Obituaries

Jack Worrall

25th April 1928 - 1st September 2013

It must have been late 1946 / early 1947, at a Tuesday night practice at Christ Church Swindon, when a locally stationed National Serviceman, Jack, compared notes with a local VIth former, me, because we were both at the DNCB/Surprise practice stage. In September 1948, at the University of Bristol “freshers” stall, we met again and it was the start of 65 years close and warm friendship bridging the often geographical distance between us.

Between our first and second meetings Jack had been stationed at Catterick. He had taken every advantage of the excellent standard and wide range of ringing available in that area. With UBSCR taking a huge leap forward in 1948, he used his experience to carry the Society forward. Many “firsts” by a resident band followed over the next four years. While he was “Master” in ’49-’50 & ’51-’52 , with his gift of enormous tact and diplomacy, he established the Society’s amicable relationship with Bristol ringers in general.

Jack learned to ring at St Mellons and in nearby Cardiff when he was 15. Hence he had completed 70 years ringing – 60 years as a member of the College Youths. He was made a life Member of the Winchester & Portsmouth in recognition of his contribution to ringing in Jersey at St Mark’s and St John’s.

Bell-ringing always had to compete with his many other interests and talents – particularly in Sport; hockey and, what he loved and excelled at, playing Rugby. He captained Monmouth Schoolboys Rugby team which contained some later members of the Welsh National side. 

His peal total was modest by today’s standards, some 200, of which he conducted 60% but by far the majority were before 1956 largely due to his choice of career, location and wider responsibilities.

On leaving Bristol in 1952 he took up a post as Housemaster and Languages Teacher at Bisley School in Surrey. During that time one was aware that there was a very special person in a small town in Brittany keeping his language skills up to date. Jack and Cecile were married in 1956 in Cecile’s home town of Pont l’Abbe.

Towards the end of the 1950s Jack moved, with his family, to teaching in Schools in Germany within the British Families Education Service (aka Service Children’s education Association) My understanding, at that time, was that these were normally 3-year appointments, possibly renewable, but not beyond the age of 50. Jack moved between several schools while rising to become first Deputy and then Head of Windsor School in Hamm in Germany.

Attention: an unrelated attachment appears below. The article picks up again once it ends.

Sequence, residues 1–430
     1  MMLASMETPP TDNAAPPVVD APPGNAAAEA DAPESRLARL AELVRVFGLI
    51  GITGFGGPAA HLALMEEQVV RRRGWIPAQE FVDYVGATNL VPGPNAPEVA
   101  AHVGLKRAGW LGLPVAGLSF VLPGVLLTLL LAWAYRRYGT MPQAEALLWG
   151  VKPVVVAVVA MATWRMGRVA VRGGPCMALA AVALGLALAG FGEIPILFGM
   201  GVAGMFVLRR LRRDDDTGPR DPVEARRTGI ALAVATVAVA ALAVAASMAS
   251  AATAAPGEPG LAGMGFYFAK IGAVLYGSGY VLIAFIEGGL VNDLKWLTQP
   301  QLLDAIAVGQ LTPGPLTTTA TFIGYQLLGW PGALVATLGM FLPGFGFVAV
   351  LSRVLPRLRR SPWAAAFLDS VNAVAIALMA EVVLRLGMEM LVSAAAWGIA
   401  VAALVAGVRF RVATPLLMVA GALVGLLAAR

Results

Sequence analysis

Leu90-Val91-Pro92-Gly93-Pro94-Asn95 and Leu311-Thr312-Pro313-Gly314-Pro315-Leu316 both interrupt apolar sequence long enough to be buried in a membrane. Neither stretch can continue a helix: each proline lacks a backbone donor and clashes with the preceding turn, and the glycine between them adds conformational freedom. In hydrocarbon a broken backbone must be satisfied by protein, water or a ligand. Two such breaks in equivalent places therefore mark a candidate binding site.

Jack left BFES in 1976 on being offered the Headship of Hautlieu School in Jersey This meant that he and Cecile, and their three sons, had easy access to Pont L’Abbe in Brittany where eventually they set up a second home. Jersey also provided the chance for Jack to take up to take up ringing again at St Mark’s and St John’s in Jersey.

At the Service in St Mark’s, tributes came from retired Staff of Hautlieu School giving a detailed insight of how, with much tact and diplomacy, he steered the School to where he was convinced it had to stand after an important period of its transition. Yet there were lighter references to incidents reflecting those little quirks that each of us have. There was one about his avid stamp collecting … I just wonder if the school office staff were aware that he was always looking for that unique addition to his very special collection of bell related Postage Stamps?

During his retirement he spent 22 years as Volunteer Genealogist in Jersey. He was particularly adept at dealing with enquiries from all over the world from people trying to trace family links back to Jersey, often with links to Breton and Norman ancestry. The research and the information that he built up over the years is highly valued.

To sum up … in the words of a teacher who had been Jack’s Deputy for many years until he retired in 1988:

He was a man whose loyalty to all those who worked with him was paramount and whose interest in the lives of his former students remained undiminished Most of all, a kind man who never said a bad word about anybody, who was, in every sense of the word, a gentleman.

Our thoughts and prayers over recent months have been with Cecile and sons Denis and Michel.

May Jack rest in peace.

IVOR TRUEMAN

 

[note - an incomplete version of this obituary was first published in issue #5349 on 1st November 2013, and the full version in issue #5351 on 15th November. We apologies for any distress or embarrassment caused.]

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